On the Environment
Environmental Attitudes & Behavior
Monday, May 20, 2013
By Guest Author, Eric Biber, Professor of Law, University of California Berkeley
I (Josh Galperin, Associate Director, Yale Center for Environmental Law and Policy) have two forthcoming publications that argue against the growing "eat the invaders" or "invasivore" movement. Invasive species are a serious ecological and economic problem. The invasivore movement supposes that we can control biological invasions with a fork and knife. My collaborators and I see several problems with this argument. One of the leading problems is that generating enough culinary interest in an invasive species to actually impact its population will lead to cultural endearment. There are examples of invasive species, despite manifest ecological and economic damage, becoming important cultural icons. Even though it has nothing to do with food, the eucalyptus tree in California is one such example.
How Eucalyptus Trees Are Connected to Denying Climate Change
Here on Legal Planet, we talk a lot about climate skeptics/deniers, and we’re highly critical of them (for good reason!). A lot of those climate skeptics/deniers are conservatives.
But there’s no monopoly on scientific ignorance on one end of the political spectrum. An example of that is close to home here at UC Berkeley.
Let me be clear here. Cutting down eucalyptus trees to reduce fire risk and restore native plants and ecosystems is generally an environmentally sensible thing to do. It will help native plants and animals do better. And it will keep people safer. Those who argue otherwise are ignoring a lot of fairly clear ecological evidence, primarily because of other prior commitments they have (such as, logging is bad, or chemicals are bad). Sounds a little like climate skeptics/deniers to me.
Tuesday, April 23, 2013
By Bruce Ho
In the Yale Center for Environmental Law and Policy’s second annual Policy Workshop Webinar Series, we looked at “Emerging Issues in Shale Gas Development” with the help of a distinguished group of experts from multiple sectors and fields. In case you missed any of our events this year, or would like to review a presentation, I have catalogued our shale gas webinars and interviews below, including links to summary blog posts and video recordings as well as additional readings, videos, and audio clips so that you can learn more about the issues that each of our speakers discussed.
The Policy Workshop Webinar Series will continue next academic year, 2013-2014, with an examination of environmental law and policy issues in the area of food and agriculture.
Emerging Issues in Shale Gas Development
September 18, 2012: Economics and Risk Assessment (Interview): As a prelude to the webinar series, Sheila Olmstead, a Fellow at Resources for the Future, discussed some of the implications of the shale gas boom. Read more and watch this interview here.
October 10, 2012: Overview of Environmental Impacts: Dr. Jim Saiers, Professor and Associate Dean of Academic Affairs at the Yale School of Forestry and Environmental Studies, presented an overview of shale gas development and its implications for the environment. Read more and watch this webinar here.
November 8, 2012: Climate Impacts: Dr. Ramón Alvarez, a senior scientist at the Environmental Defense Fund (EDF) presented research from a paper he recently co-authored on natural gas use and its implications for climate change. Read more and watch this webinar here.
December 5, 2012: Overview of the Current U.S. Regulatory Framework: Florida State Law Professor Hannah Wiseman provided a comprehensive overview of the current legal regimes governing shale gas development, including state and federal statutes, local zoning, agency directives, and the common law. Read more and watch this webinar here.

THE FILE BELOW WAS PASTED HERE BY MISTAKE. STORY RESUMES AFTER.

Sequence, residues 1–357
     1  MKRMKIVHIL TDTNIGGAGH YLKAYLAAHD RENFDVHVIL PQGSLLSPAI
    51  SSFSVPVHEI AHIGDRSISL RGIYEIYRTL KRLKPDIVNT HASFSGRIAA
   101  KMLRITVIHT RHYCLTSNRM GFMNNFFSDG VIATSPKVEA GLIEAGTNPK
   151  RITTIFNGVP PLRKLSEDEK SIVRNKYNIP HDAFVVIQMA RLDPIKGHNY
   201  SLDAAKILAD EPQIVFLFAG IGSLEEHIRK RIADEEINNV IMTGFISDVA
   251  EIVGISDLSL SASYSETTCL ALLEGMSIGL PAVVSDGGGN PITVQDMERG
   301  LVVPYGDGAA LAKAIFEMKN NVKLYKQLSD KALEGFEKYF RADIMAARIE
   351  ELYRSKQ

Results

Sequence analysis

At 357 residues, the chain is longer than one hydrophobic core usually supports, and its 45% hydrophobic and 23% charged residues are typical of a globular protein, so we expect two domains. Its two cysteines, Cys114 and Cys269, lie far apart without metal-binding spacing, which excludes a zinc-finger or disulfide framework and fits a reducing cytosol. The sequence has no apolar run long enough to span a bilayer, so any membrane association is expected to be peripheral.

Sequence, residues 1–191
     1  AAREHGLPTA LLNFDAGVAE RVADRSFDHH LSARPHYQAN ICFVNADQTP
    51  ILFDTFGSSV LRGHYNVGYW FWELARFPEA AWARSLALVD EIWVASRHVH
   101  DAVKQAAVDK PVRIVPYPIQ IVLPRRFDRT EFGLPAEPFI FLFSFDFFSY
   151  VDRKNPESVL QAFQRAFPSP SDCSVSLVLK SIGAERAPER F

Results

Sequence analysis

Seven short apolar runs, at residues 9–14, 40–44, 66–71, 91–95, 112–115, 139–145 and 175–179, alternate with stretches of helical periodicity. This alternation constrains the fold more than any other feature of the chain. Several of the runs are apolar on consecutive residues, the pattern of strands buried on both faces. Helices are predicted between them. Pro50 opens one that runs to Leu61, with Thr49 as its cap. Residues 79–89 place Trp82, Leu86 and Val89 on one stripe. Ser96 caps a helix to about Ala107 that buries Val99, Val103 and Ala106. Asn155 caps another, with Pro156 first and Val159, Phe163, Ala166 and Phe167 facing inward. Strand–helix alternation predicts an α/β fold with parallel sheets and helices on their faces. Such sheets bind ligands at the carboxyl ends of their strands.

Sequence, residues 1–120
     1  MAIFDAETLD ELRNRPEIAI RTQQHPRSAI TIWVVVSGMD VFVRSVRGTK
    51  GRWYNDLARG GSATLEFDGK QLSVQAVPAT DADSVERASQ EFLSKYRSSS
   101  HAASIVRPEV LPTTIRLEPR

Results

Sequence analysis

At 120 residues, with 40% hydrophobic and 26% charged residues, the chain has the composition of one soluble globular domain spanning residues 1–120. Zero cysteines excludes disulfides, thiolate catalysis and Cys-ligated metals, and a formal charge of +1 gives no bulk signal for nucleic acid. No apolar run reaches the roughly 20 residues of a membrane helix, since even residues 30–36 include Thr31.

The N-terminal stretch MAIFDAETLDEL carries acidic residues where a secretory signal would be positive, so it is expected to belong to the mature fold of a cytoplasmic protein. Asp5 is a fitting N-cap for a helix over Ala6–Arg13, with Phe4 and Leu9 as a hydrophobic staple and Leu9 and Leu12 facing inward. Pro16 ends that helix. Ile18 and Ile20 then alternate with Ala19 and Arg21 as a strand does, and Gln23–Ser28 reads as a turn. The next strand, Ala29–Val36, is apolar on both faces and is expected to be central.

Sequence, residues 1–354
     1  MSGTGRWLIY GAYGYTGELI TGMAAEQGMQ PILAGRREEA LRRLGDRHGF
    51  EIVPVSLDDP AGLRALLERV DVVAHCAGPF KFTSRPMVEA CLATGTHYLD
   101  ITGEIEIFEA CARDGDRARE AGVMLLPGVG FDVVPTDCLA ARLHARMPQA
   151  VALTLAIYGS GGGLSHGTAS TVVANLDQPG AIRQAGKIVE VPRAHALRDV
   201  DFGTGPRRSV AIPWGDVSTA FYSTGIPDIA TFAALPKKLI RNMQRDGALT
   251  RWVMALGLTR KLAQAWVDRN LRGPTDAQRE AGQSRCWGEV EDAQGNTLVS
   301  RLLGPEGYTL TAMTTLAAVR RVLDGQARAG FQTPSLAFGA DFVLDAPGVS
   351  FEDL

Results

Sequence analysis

January 23, 2013: An Industry Perspective: Mark Boling, President of V+ Development Solutions, a division of Southwestern Energy Company, presented on “Balancing Environmental, Social and Economic Impacts of Shale Gas Development Activities.” Read more and watch this webinar here.
Additional viewing: Mr. Boling’s presentation at the MIT Enterprise Forum of Texas.
February 12, 2013: Electricity Markets and Clean Energy: Jeffrey Logan from the U.S. Department of Energy’s National Renewable Energy Laboratory (NREL) presented on “Natural Gas and U.S. Electric Power Futures.” Read more and watch this webinar here.
March 5, 2013: Measuring Greenhouse Gas Emissions (Interview): Dr. Garvin Heath, a senior scientist at the U.S. Department of Energy’s National Renewable Energy Laboratory (NREL), discussed research that he recently completed on the lifecycle greenhouse gas emissions from shale gas produced from Texas’ Barnett Shale. Read more and watch this interview here.
March 7, 2013: A State Perspective: Tom Hunt from the Colorado Energy Office presented on “The Future of Oil and Gas Production in Colorado.” Read more and watch this webinar here.
March 29, 2013: Community Impacts: Susan Phillips from public radio station WHYY in Philadelphia discussed Marcellus Shale gas development in Pennsylvania. The stories that she presented were originally reported by Ms. Phillips and her colleagues as part of StateImpact Pennsylvania, an award-winning collaboration between WHYY, National Public Radio (NPR), and WITF in Harrisburg. Read more and watch this webinar here.
April 12, 2013: An Environmental Perspective: Kate Sinding, Senior Attorney and Deputy Director of the Natural Resources Defense Council (NRDC)’s New York Program, discussed fracking from the perspective of an environmental organization. Read more and watch this webinar here.
Monday, April 08, 2013
By Bruce Ho
On Friday, March 29, as part of our Policy Workshop Webinar Series on Emerging Issues in Shale Gas Development, the Yale Center for Environmental Law and Policy invited Susan Phillips from public radio station WHYY in Philadelphia to discuss Marcellus Shale gas development in Pennsylvania. The stories that she presented were originally reported by Ms. Phillips and her colleagues as part of StateImpact Pennsylvania, an award-winning collaboration between WHYY, National Public Radio (NPR), and WITF in Harrisburg.